HC Deb 24 December 1852 vol 123 cc1719-21

Sir, I believe it will be convenient for the public service that the House at its rising should adjourn till Monday next, at Two o'clock, I make that Motion.


said, he wished to trespass upon the House for two or three minutes. He was sure there could be but one feeling, that no degree of blame attached either to the right hon. Gentleman who had just sat down, or to any Member of the Government, for these constant adjournments; but it was lamentable that the country should be left in its present state of suspense, occasioning an interruption to all the public business of the country. He, and, no doubt, many other hon. Members, were anxious to move for returns, but they were quite at a loss to know to whom to apply for them. He was bound to say, that he had always received the greatest attention and courtesy from every department of the Government, and he was confident others would say the same thing; but he repeated that it was lamentable the country should be kept in its present suspense, owing to the in competency of those who had dared to wrest the Government of this country from the only hands competent to perform the duties of office in a manner satisfactory to the public at large. But a fair and honourable trial had not been afforded them, and they were now about to be displaced by men who knew nothing of their business, who had run away from their posts, and who had put him more in mind of Sir John Falstaff's ragged corps than any other body of men he could think of. When was this to end? It reflected no credit on the party opposite, who were attempting to come in, and he trusted that the country would express its deep sense of their misconduct. He firmly believed that if they did get in they would not retain their offices for any long period. They were black sheep, and would show themselves in their colours before many weeks were over. He had thought it his duty, on the part of the country—[A laugh]—and of those whom he represented, to make these observations. Hon. Gentlemen might laugh, but the day would soon come when their countenances would bear a very different appearance. That was his honest opinion.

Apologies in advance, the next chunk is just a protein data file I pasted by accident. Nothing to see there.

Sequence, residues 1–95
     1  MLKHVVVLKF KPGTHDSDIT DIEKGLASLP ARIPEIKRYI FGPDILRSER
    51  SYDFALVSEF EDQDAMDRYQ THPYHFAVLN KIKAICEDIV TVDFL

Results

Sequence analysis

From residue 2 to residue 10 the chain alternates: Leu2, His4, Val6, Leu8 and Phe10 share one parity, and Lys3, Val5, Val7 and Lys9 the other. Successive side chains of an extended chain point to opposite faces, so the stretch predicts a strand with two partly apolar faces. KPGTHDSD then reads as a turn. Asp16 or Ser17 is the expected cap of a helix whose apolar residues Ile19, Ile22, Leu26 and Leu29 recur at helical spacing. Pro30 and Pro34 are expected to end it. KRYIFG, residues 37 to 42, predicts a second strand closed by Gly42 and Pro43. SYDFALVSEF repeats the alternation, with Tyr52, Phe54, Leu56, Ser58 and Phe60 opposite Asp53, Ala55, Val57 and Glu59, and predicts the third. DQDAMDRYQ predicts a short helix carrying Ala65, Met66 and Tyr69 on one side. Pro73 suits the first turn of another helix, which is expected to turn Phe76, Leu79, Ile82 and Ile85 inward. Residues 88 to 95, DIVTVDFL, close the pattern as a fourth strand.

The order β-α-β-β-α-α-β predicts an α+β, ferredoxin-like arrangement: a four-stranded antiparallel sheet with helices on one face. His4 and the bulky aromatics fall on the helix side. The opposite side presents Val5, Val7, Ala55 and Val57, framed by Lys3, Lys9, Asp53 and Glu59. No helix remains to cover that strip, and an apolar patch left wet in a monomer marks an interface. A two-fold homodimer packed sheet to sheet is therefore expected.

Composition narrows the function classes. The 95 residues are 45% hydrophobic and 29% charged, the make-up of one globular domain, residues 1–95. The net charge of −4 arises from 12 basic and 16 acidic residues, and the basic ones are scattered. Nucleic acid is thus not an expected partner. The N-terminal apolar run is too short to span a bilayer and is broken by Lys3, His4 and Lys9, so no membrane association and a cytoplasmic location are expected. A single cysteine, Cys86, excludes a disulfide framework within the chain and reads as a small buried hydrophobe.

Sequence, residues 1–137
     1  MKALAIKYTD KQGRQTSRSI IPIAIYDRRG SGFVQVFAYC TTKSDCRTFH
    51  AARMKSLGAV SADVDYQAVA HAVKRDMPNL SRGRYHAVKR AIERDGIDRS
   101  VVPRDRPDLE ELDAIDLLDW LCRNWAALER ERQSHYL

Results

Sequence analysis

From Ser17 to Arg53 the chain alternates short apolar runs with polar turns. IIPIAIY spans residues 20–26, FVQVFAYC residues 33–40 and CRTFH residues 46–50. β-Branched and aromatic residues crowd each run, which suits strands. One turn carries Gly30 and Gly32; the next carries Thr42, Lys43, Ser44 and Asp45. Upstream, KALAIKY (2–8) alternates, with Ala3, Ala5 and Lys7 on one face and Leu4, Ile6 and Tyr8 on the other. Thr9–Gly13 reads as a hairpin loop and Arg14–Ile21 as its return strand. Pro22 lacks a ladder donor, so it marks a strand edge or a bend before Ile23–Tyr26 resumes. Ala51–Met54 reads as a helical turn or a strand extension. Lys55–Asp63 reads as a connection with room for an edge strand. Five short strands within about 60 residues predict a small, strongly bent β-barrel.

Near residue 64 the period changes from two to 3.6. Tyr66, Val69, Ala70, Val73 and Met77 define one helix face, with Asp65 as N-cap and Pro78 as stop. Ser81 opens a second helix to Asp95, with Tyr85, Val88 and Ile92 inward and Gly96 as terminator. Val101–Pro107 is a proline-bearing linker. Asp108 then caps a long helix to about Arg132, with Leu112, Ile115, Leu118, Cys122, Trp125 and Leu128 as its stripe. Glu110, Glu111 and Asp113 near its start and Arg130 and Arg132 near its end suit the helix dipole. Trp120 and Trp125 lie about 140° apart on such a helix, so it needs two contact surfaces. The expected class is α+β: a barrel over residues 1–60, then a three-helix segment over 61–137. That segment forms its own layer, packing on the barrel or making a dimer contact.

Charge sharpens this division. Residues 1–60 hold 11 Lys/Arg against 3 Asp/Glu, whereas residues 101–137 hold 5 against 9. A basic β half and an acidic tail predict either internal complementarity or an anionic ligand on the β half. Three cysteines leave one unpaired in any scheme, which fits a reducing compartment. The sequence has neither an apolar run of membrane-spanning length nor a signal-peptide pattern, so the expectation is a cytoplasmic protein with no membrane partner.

said, he wished for one moment to call the attention of the House to a subject which he was sure was equally interesting to both sides—he meant the late Arctic Expedition. Her Majesty's present Government had for some time been desirous that an expedition should be sent out in search of the vessels which had long been missing in that direction; and he was anxious that right hon. Gentlemen on the opposite side of the House should not merely carry out that object in the full sense intended by their predecessors, but that they should do still more, and, instead of sending a mere sailing vessel, as was at present intended, should apply the agency of steam, which had hitherto been found one essential element of success in such an undertaking. Whatever had been done hitherto, humanly speaking, had been by the intervention of steam vessels; and he trusted, therefore, that the successor of the noble Duke at present at the head of the Admiralty would not only adopt all that that noble Duke had contemplated, but would apply steam navigation to this purpose, which was not only one of science and humanity, but of actual justice.

Motion agreed to.

House adjourned at a quarter after Two o'clock till Monday next.